Prohemocytes are the main cells infected by dengue virus in Aedes aegypti and Aedes albopictus

Lie Cheng, Wei Liang Liu, Matthew P. Su, Shu Chen Huang, Jen Ren Wang, Chun Hong Chen

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2 Citations (Scopus)


Background: The primary disease vectors for dengue virus (DENV) transmission between humans are the mosquitoes Aedes aegypti and Aedes albopictus, with Ae. aegypti population size strongly correlated with DENV outbreaks. When a mosquito is infected with DENV, the virus migrates from the midgut to the salivary glands to complete the transmission cycle. How the virus crosses the hemocoel, resulting in systemic infection, is still unclear however. During viral infection and migration, the innate immune system is activated in defense. As part of cellular-mediated immunity, hemocytes are known to defend against bacteria and Plasmodium infection and may also participate in defending against DENV infection. Hemocytes are categorized into three cell types: prohemocytes, granulocytes, and oenocytoids. Here, we investigated which hemocytes can be infected by DENV and compare hemocyte infection between Ae. aegypti and Ae. albopictus. Methods: Hemocytes were collected from Ae. aegypti and Ae. albopictus mosquitoes that were intrathoracically infected with DENV2-GFP. The collected hemocytes were then identified via Giemsa staining and examined microscopically for morphological differences and viral infection. Results: All three types of hemocytes were infected by DENV, though the predominantly infected cell type was prohemocytes. In Ae. aegypti, the highest and lowest infection rates at 7 days post infection occurred in prohemocytes and granulocytes, respectively. Prohemocytes were also the primary infection target of DENV in Ae. albopictus, with similar infection rates across the other two hemocyte groups. The ratios of hemocyte composition did not differ significantly between non-infected and infected mosquitoes for either species. Conclusions: In this study, we showed that prohemocytes were the major type of hemocyte infected by DENV in both Ae. aegypti and Ae. albopictus. The infection rate of prohemocytes in Ae. albopictus was lower than that in Ae. aegypti, which may explain why systemic DENV infection in Ae. albopictus is less efficient than in Ae. aegypti and why Ae. albopictus is less correlated to dengue fever outbreaks. Future work in understanding the mechanisms behind these phenomena may help reduce arbovirus infection prevalence. Graphical Abstract: [Figure not available: see fulltext.].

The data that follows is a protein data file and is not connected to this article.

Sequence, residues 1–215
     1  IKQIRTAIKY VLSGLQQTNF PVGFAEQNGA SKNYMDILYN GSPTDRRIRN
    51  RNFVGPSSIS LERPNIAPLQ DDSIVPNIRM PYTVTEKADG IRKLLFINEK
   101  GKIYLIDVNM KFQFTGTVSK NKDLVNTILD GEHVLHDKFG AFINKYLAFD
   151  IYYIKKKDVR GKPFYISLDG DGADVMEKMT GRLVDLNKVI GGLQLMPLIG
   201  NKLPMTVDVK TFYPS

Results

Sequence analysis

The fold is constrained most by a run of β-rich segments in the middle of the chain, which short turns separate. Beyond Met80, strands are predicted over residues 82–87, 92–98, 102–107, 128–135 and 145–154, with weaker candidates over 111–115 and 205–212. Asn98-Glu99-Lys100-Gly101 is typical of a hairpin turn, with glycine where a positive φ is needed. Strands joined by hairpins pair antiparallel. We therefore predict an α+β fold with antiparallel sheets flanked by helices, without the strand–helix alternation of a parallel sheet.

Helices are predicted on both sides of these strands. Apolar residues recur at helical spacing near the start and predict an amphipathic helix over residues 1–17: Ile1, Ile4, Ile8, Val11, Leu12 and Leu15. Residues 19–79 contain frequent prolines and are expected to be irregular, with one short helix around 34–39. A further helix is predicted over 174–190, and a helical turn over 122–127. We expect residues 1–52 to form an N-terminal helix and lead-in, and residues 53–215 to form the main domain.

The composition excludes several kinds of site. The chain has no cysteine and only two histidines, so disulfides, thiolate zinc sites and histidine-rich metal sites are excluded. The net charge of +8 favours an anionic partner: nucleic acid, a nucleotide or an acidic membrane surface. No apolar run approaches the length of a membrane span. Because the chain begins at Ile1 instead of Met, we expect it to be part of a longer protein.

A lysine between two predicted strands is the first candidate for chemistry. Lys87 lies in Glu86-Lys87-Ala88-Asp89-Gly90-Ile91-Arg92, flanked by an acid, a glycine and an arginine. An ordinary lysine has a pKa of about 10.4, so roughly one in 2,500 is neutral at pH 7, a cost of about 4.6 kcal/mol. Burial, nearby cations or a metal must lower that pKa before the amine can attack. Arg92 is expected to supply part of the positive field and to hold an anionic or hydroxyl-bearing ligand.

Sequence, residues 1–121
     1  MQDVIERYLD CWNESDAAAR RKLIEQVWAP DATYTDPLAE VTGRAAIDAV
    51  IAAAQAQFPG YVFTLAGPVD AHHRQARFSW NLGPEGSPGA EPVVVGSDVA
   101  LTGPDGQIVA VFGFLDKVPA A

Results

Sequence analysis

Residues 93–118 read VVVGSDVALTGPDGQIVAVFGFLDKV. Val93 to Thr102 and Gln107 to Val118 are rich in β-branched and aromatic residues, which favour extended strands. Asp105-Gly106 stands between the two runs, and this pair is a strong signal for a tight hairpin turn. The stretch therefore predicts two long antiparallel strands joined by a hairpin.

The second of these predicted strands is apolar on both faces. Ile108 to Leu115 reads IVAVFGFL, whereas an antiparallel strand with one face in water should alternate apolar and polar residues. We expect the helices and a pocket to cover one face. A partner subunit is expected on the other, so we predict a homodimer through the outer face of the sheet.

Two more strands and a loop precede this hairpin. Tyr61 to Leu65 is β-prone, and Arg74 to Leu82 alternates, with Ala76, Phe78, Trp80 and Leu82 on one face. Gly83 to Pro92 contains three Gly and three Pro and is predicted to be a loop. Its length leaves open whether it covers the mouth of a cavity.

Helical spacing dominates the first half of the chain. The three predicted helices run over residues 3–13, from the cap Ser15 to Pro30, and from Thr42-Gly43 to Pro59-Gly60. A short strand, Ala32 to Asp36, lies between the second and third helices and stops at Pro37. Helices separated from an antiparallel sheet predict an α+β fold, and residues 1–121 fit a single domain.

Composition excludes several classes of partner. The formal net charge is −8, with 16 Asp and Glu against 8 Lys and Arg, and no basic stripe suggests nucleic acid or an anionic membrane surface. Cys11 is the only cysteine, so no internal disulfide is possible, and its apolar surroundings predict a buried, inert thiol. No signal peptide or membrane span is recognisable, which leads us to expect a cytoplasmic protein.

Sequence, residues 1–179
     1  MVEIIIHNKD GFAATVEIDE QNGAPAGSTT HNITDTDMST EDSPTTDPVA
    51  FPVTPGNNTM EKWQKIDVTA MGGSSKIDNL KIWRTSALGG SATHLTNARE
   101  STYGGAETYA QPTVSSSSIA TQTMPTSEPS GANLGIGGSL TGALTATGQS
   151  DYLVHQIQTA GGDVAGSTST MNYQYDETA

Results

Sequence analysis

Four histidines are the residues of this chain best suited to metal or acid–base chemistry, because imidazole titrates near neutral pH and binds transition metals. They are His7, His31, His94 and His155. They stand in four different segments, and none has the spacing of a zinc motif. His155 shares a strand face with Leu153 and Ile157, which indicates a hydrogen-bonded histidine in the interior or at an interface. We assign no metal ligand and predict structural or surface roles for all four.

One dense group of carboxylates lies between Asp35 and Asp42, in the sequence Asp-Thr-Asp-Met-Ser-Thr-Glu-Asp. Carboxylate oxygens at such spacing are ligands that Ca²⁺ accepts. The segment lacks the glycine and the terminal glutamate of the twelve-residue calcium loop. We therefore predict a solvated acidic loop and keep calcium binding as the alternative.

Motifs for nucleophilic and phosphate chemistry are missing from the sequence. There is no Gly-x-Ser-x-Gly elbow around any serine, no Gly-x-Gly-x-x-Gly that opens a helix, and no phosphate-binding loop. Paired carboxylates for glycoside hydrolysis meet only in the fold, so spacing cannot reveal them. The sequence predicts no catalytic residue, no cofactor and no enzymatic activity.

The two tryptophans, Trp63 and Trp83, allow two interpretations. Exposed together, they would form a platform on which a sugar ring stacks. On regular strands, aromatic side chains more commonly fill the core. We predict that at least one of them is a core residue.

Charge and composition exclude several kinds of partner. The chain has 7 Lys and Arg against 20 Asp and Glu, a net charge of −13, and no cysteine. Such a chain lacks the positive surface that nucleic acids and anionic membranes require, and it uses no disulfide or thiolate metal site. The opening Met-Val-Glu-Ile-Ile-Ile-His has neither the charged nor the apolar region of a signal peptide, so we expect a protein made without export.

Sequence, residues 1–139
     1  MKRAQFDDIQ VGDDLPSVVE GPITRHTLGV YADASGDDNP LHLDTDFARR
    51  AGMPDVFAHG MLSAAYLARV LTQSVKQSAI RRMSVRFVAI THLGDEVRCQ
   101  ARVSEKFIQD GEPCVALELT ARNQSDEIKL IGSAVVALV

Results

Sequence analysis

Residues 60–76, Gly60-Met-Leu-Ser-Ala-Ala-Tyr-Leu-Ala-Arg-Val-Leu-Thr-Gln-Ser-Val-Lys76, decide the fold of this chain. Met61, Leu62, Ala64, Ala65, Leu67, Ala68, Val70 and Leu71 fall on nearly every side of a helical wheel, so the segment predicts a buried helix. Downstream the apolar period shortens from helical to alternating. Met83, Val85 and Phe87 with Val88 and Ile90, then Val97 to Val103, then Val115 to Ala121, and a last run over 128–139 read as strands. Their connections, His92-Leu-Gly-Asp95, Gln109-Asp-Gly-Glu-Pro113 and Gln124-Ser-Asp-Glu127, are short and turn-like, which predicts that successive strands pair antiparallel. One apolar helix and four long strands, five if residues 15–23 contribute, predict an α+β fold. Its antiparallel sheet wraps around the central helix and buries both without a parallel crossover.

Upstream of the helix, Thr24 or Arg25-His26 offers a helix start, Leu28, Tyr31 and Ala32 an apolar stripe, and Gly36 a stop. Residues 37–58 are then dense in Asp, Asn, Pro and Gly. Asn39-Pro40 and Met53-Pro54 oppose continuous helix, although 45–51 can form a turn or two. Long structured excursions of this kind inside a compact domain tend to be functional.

Original languageEnglish
Article number137
JournalParasites and Vectors
Issue number1
Publication statusPublished - 2022 Dec

All Science Journal Classification (ASJC) codes

  • Parasitology
  • Infectious Diseases


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